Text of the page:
Friday, January 29, 2016

Please do not be authentic

Evelyn Underhill (1875-1041) was an Anglo-Catholic writer of spirituality.

Toward the end of her short book The Spiritual Life, she brings up an idea that bears repeating in the 21st century. She writes,

...the complete expression of everything of which we are capable--the whole psychological zoo living within us, as well as the embryonic beginnings of artist, statesman, or saints--means chaos, not character.

Underhill recognizes that people are complex. We have different longings, so different she describes them as a "psychological zoo living within us." We may long to be famous. We may long to sleep with an attractive coworker. We may desire to be the opposite gender than which biology has equipped us. We may want to quit our job, start smoking, or slap that annoying person in class.

The concern Underhill has is for any culture (or therapist) who gives free reign to our impulses in the name of "complete self-expression." This sort of I-can-and-I-should-act-as-I-desire mentality is deadly. This is why Plato, Aristotle, Jesus, and most any other religious teacher has argued that discipline is required for the development of character. Choices must be made to restrict our psychological and biological impulses.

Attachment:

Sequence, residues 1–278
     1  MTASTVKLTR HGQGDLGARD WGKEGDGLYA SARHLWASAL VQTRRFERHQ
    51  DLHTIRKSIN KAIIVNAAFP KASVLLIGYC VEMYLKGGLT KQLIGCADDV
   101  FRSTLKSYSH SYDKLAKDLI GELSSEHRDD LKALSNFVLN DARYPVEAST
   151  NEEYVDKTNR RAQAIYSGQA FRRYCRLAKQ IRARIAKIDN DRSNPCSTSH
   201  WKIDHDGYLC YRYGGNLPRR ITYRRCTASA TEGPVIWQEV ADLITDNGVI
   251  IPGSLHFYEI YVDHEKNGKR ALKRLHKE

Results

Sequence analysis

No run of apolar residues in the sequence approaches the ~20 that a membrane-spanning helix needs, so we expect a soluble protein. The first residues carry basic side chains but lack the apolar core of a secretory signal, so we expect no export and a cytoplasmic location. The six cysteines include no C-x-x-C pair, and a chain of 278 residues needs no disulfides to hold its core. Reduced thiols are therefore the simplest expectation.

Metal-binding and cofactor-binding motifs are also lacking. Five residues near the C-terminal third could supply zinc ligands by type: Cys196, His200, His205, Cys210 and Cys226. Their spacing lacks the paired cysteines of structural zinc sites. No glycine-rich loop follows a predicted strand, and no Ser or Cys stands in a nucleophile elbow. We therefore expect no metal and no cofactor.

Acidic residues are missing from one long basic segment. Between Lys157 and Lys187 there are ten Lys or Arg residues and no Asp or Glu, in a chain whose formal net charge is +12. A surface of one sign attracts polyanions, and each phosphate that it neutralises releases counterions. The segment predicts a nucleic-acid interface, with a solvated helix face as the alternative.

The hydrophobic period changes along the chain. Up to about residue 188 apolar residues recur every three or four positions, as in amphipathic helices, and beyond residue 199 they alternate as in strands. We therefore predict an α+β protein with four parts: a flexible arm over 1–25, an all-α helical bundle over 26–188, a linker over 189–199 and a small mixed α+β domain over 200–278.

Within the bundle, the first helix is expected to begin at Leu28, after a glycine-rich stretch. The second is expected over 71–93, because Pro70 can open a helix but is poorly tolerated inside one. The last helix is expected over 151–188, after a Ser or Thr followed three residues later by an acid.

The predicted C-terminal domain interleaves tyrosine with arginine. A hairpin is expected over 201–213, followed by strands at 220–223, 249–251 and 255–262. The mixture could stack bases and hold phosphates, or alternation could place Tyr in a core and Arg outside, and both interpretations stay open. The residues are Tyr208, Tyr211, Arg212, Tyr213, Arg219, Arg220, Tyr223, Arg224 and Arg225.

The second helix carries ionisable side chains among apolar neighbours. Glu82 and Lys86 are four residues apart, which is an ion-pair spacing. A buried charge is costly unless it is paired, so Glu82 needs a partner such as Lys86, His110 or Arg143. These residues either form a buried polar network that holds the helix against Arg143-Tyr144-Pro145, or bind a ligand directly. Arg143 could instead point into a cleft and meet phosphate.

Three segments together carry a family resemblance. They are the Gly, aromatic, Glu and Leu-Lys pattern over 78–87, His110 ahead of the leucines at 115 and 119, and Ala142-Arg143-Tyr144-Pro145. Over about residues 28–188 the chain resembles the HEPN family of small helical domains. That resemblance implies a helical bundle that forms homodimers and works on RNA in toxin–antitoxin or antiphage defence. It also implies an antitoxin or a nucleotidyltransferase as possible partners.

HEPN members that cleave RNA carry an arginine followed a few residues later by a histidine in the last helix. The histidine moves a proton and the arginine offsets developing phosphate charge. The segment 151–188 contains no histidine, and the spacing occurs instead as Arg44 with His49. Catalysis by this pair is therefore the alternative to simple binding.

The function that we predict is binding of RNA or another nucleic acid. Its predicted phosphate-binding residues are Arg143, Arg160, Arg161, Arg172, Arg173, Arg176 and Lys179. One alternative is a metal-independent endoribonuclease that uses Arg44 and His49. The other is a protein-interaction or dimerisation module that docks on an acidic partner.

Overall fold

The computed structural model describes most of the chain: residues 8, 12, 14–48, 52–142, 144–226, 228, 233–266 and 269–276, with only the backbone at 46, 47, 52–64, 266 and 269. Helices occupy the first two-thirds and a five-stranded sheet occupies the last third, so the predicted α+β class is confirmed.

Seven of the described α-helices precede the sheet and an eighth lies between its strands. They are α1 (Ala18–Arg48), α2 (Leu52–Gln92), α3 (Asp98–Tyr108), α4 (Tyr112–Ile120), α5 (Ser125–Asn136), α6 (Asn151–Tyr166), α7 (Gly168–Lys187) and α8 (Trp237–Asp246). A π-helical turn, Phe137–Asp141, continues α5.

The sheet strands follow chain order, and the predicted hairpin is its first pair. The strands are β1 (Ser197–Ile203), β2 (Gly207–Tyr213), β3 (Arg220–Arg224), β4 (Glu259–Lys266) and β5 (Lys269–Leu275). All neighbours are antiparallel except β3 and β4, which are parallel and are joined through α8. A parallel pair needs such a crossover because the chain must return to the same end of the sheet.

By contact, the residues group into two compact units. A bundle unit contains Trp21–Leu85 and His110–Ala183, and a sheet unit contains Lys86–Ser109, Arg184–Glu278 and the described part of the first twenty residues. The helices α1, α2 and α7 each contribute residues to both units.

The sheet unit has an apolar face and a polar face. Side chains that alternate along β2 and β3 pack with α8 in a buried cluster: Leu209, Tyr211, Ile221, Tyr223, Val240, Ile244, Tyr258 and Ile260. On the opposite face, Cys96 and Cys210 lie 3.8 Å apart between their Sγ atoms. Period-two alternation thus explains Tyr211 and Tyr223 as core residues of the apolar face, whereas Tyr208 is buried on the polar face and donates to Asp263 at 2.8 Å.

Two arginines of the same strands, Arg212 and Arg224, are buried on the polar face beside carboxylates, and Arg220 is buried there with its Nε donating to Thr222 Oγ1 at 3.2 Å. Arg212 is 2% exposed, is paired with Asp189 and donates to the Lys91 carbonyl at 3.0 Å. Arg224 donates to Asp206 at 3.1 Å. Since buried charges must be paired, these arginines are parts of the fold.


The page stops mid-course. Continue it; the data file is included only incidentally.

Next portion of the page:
Such impulses should not be trusted or given free reign in the spirit of authenticity. Rather, we must train our bodies and minds to accommodate what is virtuous. (By the way, it is antithetical to believe morality can be individual in nature; morality stands outside and over an individual person.)

If authentic means, you can do and act as you please, chaos is looming. Soon our culture will be a cageless zoo where weaker prey are subject to the stronger predators. Only a culture governed by discipline, character, and restraint holds any hope.

(By the way, there is a good version of authenticity...a blog for another time.)

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